Just as promised, now with an introductory sentence relevant to today, not five months ago.
I was the shadow of the waxwing slain by the false azure in the windowpane…
Probably most famous for his 1962 novel Lolita, this was Nabokov’s fifth work written in the English language and just a note before we continue, if you get a hold of the Penguin Classics edition that I have (the one pictured above) then let me issue a quick spoiler alert regarding Mary McCarthy’s Introductory Essay. It’s a fascinating read and it does add something to the overall experience, but, and there always is one, you do not need to and probably should not read the Essay before the actual book. Part of the genius of Pale Fire is its multifaceted nature; the interflowing narratives mixing recollection with speculation and insanity; and the numerous interpretations that it has spawned. McCarthy endorses a certain, admittedly fairly well-supported, interpretation of the novel and having read about all of the signs and signifiers in the book that support a certain reading of it, before actually reading it yourself, certainly colours your perspective. To this end – this is a spoiler alert.
Ostensibly the book contains the poet John Shade’s final poem, the eponymous Pale Fire, complete with an introduction and a meandering commentary by his neighbour and fellow lecturer at Wordsmith College – a one Charles Kinbote. It is clear from the rambling notes of the self-appointed editor that Kinbote has an unhealthy obsession with the poet, and considers himself both a special friend and major source of inspiration to Shade. This much, at least, few people disagree on. Beyond that, nothing is certain in this labyrinthine book in which Kinbote tells three stories: of his relationship with Shade; of the (possibly mythical) land of Zembla and it’s deposed ruler Charles the Beloved, and of the assassin Gradus dispatched to kill Charles the Beloved. The story of Charles the Beloved and Zembla is one that he claims to have imparted to Shade whilst he was writing the poem, and Kinbote puts a great deal of weight to this alleged influence in his commentary. There appear to be links too with real life events, Kinbote appears to associate Shade’s killer Gray with Charles the Beloved’s intended assassin Gradus. Probably the most commonly held view is that Kinbote is in fact Botkin, a professor at the university who is quite insane and has an unhealthy obsession with Shade. He believes himself to be the completely imaginary Charles the Beloved, and as such that the bullet that killed Shade was fired by Gradus and intended for him. Others have suggested that Kinbote is a literary device created by Shade, whilst some have suggested the opposite is true, that Kinbote is the author of the poem and has attributed it to a fictional other.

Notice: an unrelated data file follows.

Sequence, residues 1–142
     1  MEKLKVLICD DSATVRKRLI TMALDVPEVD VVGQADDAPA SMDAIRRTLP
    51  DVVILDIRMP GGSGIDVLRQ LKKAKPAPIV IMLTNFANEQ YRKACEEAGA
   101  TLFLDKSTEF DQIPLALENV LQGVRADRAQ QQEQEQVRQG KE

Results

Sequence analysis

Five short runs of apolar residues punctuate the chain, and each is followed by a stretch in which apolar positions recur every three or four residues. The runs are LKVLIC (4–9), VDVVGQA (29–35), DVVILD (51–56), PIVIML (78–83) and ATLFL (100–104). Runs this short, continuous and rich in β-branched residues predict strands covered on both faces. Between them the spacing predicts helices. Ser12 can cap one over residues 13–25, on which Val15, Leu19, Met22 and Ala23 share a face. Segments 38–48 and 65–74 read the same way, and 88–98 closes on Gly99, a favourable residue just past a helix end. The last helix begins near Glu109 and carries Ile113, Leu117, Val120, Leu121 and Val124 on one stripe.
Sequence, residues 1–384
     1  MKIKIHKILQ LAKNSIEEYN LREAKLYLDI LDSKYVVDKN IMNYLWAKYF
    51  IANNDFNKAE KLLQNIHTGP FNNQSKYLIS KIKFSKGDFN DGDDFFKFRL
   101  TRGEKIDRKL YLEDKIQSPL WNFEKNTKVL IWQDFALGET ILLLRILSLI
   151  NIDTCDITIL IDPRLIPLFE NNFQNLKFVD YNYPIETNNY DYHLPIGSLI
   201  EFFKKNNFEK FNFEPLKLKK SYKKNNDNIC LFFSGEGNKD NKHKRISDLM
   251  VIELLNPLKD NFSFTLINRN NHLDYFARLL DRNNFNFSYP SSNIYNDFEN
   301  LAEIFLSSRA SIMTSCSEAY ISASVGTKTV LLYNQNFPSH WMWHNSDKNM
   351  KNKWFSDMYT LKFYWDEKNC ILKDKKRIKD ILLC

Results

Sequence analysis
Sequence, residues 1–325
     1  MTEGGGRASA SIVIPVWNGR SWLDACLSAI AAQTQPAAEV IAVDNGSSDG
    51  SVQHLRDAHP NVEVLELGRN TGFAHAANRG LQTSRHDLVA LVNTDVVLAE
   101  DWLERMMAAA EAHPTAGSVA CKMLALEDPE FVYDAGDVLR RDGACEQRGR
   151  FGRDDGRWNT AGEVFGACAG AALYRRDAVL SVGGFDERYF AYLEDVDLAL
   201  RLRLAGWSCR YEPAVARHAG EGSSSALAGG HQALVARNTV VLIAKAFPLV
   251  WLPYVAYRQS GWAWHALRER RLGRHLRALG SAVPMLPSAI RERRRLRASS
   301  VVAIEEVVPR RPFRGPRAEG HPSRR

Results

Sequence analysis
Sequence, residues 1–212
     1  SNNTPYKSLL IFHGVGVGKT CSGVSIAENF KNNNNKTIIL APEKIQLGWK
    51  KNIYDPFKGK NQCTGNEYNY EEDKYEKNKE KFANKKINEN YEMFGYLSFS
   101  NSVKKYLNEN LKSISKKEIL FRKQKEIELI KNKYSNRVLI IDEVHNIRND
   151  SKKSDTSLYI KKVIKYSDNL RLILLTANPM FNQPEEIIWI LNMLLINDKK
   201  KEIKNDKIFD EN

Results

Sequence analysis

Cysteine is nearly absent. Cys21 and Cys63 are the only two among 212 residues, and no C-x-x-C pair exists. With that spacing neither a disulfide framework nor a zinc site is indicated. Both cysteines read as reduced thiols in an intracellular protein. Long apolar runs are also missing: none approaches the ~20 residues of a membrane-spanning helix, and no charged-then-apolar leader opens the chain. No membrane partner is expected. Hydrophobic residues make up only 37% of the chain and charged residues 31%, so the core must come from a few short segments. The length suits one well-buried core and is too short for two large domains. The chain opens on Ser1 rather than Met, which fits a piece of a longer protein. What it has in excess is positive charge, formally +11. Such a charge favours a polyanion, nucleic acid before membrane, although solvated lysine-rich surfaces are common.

Whichever view you take, and setting side the fact that this book is at times confusing and complex, it is also highly entertaining, beautifully written and full of highly rewarding references. It’s a very important piece of technical metafiction writing and at the same time it had me grinning like an idiot in places reading it. Some have claimed that it’s unreadable and a nonsensical mess, I would argue that the sheer brilliance of Nabokov’s writing overpowers such claims, hands down.